Alabama health care providers sue over threat of prosecution for abortion help
Health care providers in Alabama, where abortion is almost entirely illegal, filed a lawsuit against the state's attorney general that seeks to prevent him from prosecuting people who help women travel outside the state to receive an abortion.
The providers say Attorney General Steve Marshall has made statements suggesting that anti-conspiracy laws could be used against groups that provide assistance for Alabama women to travel to states where abortion is legal. The lawsuit, filed in federal court by two former abortion clinics and an obstetrician, seeks a legal ruling that state laws can't be used to prosecute people who provide referrals and appointment help.
A similar lawsuit filed Monday by Yellowhammer Fund, a group that once provided financial assistance to women seeking abortions, seeks to clarify it can't be prosecuted for providing monetary help.
"What the attorney general has tried to do via these threats is to effectively extend Alabama's abortion ban outside of its borders for Alabama residents," Meagan Burrows, a lawyer with the American Civil Liberties Union, which is representing the providers in the lawsuit.
The lawsuits seek to block Alabama from using prosecution, or the threat of it, to hinder efforts to help state residents obtain abortions where it remains legal. In a separate case, advocacy groups and an attorney sued Idaho earlier this month over a law that makes it illegal to help minors to travel to another state to get an abortion without their parents' consent.
Marshall has not prosecuted anyone for providing abortion assistance, but he has made statements saying that his office would "look at" groups that provide help.
"Attorney General Marshall will continue to vigorously enforce Alabama laws protecting unborn life which include the Human Life Protection Act. That includes abortion providers conspiring to violate the Act," Marshall's office said in an emailed response to the lawsuit. His office did not respond to an email asking to clarify if actions such as providing financial assistance could be prosecuted.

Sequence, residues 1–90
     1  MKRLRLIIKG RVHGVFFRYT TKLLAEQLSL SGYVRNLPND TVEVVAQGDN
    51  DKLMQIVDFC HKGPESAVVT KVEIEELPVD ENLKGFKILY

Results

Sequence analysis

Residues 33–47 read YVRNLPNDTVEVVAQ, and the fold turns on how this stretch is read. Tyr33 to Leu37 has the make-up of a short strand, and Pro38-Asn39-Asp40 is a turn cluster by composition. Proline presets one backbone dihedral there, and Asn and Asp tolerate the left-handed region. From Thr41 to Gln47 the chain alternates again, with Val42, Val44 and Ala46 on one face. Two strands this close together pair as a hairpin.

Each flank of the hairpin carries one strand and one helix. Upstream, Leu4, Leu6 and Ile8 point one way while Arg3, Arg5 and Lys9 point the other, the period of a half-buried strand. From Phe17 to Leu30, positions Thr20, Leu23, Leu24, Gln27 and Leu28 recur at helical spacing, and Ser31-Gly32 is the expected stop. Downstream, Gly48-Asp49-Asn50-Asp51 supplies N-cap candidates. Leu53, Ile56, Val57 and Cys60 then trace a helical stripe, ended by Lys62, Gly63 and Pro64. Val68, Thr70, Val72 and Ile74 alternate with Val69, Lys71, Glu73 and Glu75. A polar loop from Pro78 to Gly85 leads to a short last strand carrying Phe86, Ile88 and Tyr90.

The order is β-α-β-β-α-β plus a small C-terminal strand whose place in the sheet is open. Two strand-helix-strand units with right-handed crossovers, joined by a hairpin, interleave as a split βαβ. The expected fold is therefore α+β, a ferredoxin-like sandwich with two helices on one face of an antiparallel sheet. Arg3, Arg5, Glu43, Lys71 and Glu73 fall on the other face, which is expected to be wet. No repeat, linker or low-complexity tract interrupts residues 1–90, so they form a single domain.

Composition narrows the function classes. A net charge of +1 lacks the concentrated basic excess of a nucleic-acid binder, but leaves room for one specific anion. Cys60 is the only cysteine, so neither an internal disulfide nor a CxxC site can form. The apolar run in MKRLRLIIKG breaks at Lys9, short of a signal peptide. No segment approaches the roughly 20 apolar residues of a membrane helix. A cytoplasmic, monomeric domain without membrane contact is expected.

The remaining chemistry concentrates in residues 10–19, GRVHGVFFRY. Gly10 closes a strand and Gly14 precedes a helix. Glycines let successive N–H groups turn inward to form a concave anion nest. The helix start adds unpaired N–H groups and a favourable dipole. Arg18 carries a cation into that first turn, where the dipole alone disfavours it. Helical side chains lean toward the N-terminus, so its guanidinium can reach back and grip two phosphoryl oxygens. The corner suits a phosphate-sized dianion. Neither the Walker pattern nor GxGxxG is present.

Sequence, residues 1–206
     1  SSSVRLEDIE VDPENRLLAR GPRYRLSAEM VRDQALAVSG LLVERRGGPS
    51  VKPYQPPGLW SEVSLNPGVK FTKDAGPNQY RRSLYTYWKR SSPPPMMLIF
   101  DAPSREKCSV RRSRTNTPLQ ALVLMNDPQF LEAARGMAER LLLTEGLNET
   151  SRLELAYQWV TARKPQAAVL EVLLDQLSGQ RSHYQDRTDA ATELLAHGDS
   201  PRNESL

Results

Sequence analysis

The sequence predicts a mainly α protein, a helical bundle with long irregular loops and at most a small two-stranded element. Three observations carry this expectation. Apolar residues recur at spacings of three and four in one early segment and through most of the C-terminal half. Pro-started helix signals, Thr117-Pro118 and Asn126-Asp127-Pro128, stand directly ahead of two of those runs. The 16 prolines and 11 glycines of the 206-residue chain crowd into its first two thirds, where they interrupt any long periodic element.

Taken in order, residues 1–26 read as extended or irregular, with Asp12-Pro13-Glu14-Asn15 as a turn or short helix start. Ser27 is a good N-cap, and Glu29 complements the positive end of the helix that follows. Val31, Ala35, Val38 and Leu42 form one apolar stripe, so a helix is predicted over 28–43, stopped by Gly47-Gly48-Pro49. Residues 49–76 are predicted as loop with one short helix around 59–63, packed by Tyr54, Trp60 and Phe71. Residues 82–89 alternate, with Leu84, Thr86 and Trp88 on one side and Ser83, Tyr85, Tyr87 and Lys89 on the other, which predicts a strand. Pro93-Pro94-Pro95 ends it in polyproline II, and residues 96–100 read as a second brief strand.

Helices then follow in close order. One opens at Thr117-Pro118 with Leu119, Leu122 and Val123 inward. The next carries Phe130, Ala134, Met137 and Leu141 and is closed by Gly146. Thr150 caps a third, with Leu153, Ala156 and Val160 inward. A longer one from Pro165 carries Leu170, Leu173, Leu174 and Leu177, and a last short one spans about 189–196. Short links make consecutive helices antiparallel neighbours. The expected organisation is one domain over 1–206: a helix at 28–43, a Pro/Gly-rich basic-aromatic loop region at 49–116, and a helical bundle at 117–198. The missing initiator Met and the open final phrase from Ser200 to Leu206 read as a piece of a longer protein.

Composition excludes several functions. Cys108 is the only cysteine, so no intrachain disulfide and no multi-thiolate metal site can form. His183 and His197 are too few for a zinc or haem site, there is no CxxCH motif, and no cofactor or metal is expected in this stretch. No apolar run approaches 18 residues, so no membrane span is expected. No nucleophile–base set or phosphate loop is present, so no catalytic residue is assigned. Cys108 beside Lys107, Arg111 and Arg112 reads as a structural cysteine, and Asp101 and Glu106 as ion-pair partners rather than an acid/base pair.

Those statement have had a chilling effect on abortion rights advocates, who already feel like they live with a legal target on their back, providers said.
The suit was filed by the West Alabama Women's Center in Tuscaloosa, the Alabama Women's Center in Huntsville, and Dr. Yashica Robinson, an obstetrician. Robinson said she once made referrals for patients seeking abortions, coordinating health history information for medically complex patients, but no longer does so because of the fear of prosecution.
"Tragically, banning abortion in Alabama seems to not have been enough," Robinson said in a statement. "Those in power want to muzzle providers like me to prevent us from sharing information with our pregnant patients about the options they have."
The phone rings at least once a day at the former clinic in Tuscaloosa as women — sometimes crying and often desperate — try to find where they can go in other states to end an unwanted pregnancy, the clinic director said.
"We get a lot of the anger — and we know that it's not us that they are angry at," said Robin Marty, operations director for the West Alabama Women's Center. "It's the situation, but it is very, very hard for my staff. They want to be able to help them."
After the U.S. Supreme Court overturned Roe v. Wade and handed authority on abortion law to the states, the Deep South quickly became an area of limited abortion access.
Alabama bans abortion at any stage of pregnancy with no exceptions for rape and incest. The only exemption is if it's needed because pregnancy seriously threatens the health of the woman. Nineteen states have enacted restrictions and many southern states have near complete bans. Marty said that means women often have to travel long distances to receive care, which can bring financial and logistical hardship.
Marty said most people who reach out to the clinic know "there is no abortion in Alabama. What they aren't aware of is how far that extends."